Review: 'Satellites in the High Country,' by Jason Mark
Teddy Roosevelt, the former U.S. president who reinvented himself as a rugged outdoors man, once described the wolf as the "beast of waste and desolation." On reading Satellites in the High Country: Searching for the Wild in the Age of Man by environmental journalist Jason Mark, it's obvious that humanity's destructive influence on the natural world far outweighs any waste and desolation caused by the poor, maligned wolf. It's also clear that humans need the wilderness, and everything it entails, now more than ever before.
Mark arrived at the writing of the book -- a collection of essays about our conflicted relationship to the wild in the Anthropocene epoch -- on impeccable credentials. Recently announced as the new editor of Sierra Magazine, he's also the cofounder of Alemany Farm, a 3.5-acre organic farm in southeast San Francisco. Mark, who lives in Oakland, is an avid backpacker, lover of wilderness, and a "committed pastoralist."
This background lends a certain levity to an issue that often stirs up heated arguments. Essentially, by the book's end, Mark arrives at the argument that the wild (or nature, or wilderness, however you call it) would thrive best if self-willed, uncontrolled, and allowed to change and evolve as it may, even if that means losing species along the way. "A renewed respect for the wild can check the delusion that somehow it has become humans' responsibility to take control of everything and every place," he writes in "Bewildered."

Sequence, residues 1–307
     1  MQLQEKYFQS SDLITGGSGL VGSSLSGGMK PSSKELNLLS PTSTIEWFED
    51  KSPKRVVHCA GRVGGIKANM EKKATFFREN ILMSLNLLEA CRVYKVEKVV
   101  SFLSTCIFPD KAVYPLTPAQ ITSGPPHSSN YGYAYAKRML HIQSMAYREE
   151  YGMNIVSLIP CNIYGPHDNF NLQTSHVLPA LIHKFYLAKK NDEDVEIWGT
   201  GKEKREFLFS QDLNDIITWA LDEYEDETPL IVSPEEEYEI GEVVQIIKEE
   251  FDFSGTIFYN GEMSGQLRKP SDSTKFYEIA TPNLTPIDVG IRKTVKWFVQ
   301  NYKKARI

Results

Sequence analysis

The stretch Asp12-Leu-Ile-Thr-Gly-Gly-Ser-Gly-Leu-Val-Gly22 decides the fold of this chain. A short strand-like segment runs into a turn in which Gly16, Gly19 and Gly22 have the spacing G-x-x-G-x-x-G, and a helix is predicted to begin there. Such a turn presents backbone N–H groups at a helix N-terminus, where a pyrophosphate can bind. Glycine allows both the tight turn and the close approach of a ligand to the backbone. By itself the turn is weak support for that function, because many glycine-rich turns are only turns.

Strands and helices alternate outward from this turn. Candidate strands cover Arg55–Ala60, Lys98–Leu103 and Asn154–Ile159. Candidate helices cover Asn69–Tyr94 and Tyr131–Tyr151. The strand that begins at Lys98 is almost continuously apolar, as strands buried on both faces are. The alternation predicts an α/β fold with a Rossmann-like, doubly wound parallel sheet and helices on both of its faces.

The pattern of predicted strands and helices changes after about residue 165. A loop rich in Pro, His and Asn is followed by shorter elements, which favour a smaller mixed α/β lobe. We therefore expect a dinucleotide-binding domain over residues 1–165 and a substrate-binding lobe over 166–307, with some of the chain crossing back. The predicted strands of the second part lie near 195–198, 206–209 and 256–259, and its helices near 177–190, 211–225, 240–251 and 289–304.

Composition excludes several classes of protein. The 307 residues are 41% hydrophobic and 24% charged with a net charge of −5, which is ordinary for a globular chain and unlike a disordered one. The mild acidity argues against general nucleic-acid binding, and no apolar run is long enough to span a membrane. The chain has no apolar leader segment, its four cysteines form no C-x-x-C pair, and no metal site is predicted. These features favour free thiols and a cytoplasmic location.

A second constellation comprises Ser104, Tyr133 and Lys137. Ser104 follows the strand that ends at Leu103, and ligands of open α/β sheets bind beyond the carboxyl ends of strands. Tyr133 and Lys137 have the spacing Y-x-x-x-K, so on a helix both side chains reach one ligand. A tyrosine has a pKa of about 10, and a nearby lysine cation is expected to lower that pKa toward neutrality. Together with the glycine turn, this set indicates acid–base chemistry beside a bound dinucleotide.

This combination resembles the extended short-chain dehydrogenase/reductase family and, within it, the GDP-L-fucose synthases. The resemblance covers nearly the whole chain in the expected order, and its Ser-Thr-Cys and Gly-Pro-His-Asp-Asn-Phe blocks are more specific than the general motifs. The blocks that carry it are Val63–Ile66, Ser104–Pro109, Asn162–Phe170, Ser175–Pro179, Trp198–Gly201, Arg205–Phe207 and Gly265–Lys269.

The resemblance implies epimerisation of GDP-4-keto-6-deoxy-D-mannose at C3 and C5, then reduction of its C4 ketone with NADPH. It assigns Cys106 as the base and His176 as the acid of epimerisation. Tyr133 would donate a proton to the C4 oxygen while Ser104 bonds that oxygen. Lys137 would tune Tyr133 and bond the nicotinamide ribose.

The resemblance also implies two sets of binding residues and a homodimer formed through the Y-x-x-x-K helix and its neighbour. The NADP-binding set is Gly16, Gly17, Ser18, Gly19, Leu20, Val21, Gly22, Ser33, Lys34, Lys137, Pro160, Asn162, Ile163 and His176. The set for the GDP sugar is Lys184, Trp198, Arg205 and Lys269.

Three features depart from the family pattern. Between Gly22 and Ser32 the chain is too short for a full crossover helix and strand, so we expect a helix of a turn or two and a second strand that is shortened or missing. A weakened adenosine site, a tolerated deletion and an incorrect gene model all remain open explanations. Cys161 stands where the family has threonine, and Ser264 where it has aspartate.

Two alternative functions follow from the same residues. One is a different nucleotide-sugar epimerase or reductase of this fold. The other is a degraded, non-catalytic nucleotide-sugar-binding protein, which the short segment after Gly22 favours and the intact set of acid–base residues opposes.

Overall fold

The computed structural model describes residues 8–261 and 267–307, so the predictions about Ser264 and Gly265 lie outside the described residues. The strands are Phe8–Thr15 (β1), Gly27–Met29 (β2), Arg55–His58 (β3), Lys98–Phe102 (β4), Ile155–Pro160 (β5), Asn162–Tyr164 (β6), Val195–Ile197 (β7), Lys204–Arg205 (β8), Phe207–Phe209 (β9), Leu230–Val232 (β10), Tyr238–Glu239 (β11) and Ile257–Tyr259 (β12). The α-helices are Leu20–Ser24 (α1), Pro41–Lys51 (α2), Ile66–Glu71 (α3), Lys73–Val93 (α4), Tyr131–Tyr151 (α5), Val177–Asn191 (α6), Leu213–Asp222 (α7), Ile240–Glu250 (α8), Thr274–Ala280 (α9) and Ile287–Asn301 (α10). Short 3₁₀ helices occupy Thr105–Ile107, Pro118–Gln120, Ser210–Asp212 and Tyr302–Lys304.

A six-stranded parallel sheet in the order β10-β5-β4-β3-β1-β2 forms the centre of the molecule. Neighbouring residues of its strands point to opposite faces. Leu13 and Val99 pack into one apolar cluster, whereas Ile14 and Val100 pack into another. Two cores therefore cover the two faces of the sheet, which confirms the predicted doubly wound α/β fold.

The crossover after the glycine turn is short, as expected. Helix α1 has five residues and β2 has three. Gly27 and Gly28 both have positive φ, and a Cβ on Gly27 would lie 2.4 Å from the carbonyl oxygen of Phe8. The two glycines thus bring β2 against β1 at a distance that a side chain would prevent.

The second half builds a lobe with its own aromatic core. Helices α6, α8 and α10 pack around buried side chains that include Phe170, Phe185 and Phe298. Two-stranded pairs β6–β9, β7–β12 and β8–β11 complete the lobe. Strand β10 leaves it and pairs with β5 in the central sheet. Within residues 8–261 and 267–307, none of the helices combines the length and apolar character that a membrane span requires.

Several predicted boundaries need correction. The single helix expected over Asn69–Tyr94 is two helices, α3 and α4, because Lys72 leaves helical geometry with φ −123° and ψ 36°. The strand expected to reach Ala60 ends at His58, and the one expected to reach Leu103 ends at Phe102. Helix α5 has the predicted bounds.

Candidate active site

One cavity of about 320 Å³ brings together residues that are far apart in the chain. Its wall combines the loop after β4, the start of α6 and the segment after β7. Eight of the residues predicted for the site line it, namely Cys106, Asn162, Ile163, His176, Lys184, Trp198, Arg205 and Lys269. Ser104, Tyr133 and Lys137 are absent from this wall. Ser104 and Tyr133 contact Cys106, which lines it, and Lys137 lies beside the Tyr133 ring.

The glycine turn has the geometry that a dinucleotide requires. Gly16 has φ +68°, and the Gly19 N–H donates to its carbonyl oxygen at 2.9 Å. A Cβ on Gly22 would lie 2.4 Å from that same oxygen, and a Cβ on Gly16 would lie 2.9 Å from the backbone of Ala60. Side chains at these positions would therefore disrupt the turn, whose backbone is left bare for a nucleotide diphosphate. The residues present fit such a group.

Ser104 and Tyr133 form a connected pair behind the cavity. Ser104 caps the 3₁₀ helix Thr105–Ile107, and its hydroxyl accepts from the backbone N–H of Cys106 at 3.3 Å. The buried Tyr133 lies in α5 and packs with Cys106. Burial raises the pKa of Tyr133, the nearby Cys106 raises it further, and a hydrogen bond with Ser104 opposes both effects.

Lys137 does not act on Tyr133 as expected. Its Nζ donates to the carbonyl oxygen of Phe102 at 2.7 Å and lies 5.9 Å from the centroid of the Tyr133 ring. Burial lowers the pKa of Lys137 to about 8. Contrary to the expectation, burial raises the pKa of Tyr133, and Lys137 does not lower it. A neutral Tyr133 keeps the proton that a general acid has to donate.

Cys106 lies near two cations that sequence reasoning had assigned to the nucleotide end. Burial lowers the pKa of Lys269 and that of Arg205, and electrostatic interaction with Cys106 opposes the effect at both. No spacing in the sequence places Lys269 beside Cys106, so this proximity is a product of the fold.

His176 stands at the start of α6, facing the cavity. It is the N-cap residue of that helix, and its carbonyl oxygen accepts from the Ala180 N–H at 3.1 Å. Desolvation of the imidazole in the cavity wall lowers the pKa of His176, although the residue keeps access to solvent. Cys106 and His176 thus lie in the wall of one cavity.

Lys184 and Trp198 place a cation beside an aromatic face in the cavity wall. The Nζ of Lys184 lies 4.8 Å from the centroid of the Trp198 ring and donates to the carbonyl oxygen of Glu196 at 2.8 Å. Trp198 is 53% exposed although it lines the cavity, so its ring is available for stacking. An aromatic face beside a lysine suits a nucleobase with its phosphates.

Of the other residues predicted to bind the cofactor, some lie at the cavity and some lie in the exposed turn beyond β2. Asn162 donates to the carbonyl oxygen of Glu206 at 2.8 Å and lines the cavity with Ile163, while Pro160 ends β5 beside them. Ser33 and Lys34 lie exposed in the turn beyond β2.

Mark journeys from the Black Hills, a contested place of massive spiritual importance for the Lakota of the Pine Ridge Reservation in South Dakota; to the Gila Wilderness, where wolves are tracked and monitored to within an inch of their lives by conservationists; to the ancient Olympic Wilderness, where the author struggles in vain to find one place in the U.S. that might remain untouched by human industrial presence. Through it all, he does a nice job of balancing historical fact and sociopolitical commentary with poetic passages that celebrate the breathtaking beauty of the natural world.
In the Eagle's Nest Wilderness, streams spill "down mountainsides like braids of silk." When Mark spends the night in the Gila Wilderness in Arizona, stars "appear hung in three dimensions, crystals dropped into a net of dark matter." During a pit stop at spring-fed Aravaipa Creek, he describes how the canyon "begins with heavy slabs of dark-red shale at the bottom, prickly pear, and patches of gray bursage and brittle brush. It's a world of heat and thorn and rock. A whole universe exists just below."